Tag: voting

Sports results can affect election results

By Ed Yong | July 6, 2010 12:00 pm

Sports_voting

Anyone currently following the World Cup, Wimbledon, or any of the many sporting events around the world will know the emotional highs and lows that they can produce. But these events wield even more power than we think. According to Andrew Healy­ from Loyola Marymount University, sports results can even swing the outcome of an election.

In the US, if a local college football team wins a match in the ten days before a Senate, gubernatiorial or even presidential election, the incumbent candidate tends to get a slightly higher proportion of the vote. This advantage is particularly potent if the team has a strong fan-base and if they were the underdogs. Healy’s study provides yet more evidence that voting decisions aren’t just based on objective and well-reasoned analysis, despite their importance in democratic societies. They can be influenced by completely irrelevant events, putting the fate of politicians into the hands (or feet) of sportsmen.

Healy says that a victory by a local team puts sports fans in a generally positive frame of mind. If they approach the ballot box in this way, they’re more likely to think well of the incumbent party, to interpret their past record more positively, and to be more content with the status quo. The same effect, where emotions cross the boundaries between different judgments, has been seen countless times before in laboratory studies.

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Subliminal flag shifts political views and voting choices

By Ed Yong | March 12, 2010 8:30 am

This article is reposted from the old WordPress incarnation of Not Exactly Rocket Science.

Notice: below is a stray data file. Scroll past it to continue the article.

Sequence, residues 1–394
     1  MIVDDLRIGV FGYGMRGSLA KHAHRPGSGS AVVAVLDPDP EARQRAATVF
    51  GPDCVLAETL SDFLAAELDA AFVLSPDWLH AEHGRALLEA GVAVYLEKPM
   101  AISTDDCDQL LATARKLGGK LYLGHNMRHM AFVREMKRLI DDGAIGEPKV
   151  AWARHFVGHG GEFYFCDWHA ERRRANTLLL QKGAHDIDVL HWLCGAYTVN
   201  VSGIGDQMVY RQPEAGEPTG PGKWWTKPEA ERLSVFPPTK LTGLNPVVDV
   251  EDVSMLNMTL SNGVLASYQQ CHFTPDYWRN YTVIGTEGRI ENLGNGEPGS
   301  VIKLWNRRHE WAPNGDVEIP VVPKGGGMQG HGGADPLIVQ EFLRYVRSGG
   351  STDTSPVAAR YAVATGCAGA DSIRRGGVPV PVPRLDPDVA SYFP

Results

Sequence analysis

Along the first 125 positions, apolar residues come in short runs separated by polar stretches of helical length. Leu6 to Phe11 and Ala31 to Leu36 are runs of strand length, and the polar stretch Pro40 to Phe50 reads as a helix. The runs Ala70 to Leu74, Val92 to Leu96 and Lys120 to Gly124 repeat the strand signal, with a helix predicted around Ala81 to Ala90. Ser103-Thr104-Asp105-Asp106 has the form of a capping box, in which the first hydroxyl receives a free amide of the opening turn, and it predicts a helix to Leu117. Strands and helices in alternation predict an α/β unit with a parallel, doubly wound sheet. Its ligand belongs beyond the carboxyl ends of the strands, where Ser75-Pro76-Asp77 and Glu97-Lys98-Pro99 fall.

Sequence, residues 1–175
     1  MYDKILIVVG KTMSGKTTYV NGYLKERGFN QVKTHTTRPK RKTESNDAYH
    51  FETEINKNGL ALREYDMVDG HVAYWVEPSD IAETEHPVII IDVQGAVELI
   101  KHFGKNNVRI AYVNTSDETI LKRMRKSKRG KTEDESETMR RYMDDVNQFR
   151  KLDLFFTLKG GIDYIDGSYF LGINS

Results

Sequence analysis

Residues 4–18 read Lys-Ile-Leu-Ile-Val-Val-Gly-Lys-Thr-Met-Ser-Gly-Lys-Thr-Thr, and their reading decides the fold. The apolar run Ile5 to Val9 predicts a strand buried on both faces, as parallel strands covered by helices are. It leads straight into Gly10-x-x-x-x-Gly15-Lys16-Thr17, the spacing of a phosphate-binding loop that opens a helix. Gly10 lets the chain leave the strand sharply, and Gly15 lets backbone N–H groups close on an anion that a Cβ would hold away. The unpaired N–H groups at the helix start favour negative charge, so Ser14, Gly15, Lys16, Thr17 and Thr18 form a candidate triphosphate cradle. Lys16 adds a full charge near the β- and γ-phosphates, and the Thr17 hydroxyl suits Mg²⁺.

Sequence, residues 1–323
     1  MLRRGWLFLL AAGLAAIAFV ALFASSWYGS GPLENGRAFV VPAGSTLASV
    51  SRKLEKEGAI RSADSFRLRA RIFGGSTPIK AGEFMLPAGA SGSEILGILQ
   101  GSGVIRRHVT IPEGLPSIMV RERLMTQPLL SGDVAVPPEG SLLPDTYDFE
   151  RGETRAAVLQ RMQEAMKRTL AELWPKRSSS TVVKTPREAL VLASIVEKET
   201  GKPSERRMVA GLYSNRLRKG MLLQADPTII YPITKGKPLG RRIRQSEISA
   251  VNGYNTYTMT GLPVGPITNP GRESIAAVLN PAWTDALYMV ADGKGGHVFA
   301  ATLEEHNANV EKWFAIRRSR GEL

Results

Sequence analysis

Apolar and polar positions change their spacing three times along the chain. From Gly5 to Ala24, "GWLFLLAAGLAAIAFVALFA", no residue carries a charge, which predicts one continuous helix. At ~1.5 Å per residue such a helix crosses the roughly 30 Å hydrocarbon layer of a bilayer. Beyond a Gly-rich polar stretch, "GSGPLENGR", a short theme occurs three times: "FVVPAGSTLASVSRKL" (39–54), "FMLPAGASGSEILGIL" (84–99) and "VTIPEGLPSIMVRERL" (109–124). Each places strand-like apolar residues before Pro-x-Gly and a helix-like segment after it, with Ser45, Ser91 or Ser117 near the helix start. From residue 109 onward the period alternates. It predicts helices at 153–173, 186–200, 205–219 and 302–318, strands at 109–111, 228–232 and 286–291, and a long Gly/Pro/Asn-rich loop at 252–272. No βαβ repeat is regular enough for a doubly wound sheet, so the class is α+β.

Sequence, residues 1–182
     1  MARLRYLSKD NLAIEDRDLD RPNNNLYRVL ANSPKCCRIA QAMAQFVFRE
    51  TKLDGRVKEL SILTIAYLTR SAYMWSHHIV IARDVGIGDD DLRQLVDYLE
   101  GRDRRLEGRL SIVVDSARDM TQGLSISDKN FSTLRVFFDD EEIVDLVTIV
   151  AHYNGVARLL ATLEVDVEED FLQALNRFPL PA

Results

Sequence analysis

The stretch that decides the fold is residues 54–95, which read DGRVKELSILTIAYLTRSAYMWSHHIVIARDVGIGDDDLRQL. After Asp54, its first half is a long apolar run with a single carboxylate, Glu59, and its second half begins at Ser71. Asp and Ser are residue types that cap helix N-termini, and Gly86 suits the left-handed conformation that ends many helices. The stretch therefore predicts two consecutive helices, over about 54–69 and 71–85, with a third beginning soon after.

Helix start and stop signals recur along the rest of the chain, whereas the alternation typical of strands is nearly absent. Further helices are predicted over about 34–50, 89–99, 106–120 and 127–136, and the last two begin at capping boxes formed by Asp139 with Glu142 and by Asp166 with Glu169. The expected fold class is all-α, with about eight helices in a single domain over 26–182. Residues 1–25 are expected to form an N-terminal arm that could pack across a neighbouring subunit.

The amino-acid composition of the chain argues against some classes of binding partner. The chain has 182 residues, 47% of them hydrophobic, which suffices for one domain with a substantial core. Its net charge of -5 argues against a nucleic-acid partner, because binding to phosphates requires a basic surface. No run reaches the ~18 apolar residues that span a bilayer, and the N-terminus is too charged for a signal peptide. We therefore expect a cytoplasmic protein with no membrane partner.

For all the millions that are poured into electoral campaigns, a voter’s choice can be influenced by the subtlest of signals. Israeli scientists have found that even subliminal exposure to national flags can shift a person’s political views and even who they vote for. They managed to affect the attitudes of volunteers to the Israeli-Palestine conflict by showing them the Israeli flag for just 16 thousandths of a second, barely long enough for the image to consciously register.

These results are stunning – even for people right in the middle of the one of the modern age’s most deep-rooted conflicts, the subconscious sight of a flag drew their sympathies towards the political centre.

In some ways, it’s not surprising. The last decades of experimental psychology have shown us that the our conscious view of the world is a construct created by our brain. We simply cannot consciously process the barrage of information constantly arriving through our senses and to save us from a mental breakdown, our brain does a lot of subconscious computing. The upshot of this is that our decisions can be strongly influenced by sights, sounds and other stimuli that we’re completely unaware of. Have a look at this video of mind-manipulator Derren Brown for a classic example of this.

Our political views are no different. In an ideal world, we would base them on a rational consideration of the relevant facts and our own beliefs, but in the real one, subliminal symbols pull on the puppet-strings too. National flags should be capable of this; to many people, they carry a weighty importance out of all proportion to their nature as rectangular sheets of cloth

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Voters use child-like judgments when judging political candidates

By Ed Yong | February 26, 2009 2:00 pm

Blogging on Peer-Reviewed ResearchDuring elections, what affects our decision to vote for one politician over another? We’d like to think that it’s an objective assessment of many different factors including their various policies, their values, their record and so on. But in reality, voters are just not that rational.

In the past, studies have shown that people can predict which of two politicians will win an election with reasonable accuracy based on a second-long looks at their faces. With a fleeting glance and little purposeful consideration, people make strong judgments about a candidate’s competence, that can sway their final choices. And they do this in a remarkably child-like way.

John Antonakis and Olaf Dalgas from the University of Lausanne found that when judging the faces of potential leaders, the decision-making technique of adults is no more sophisticated than that used by children.

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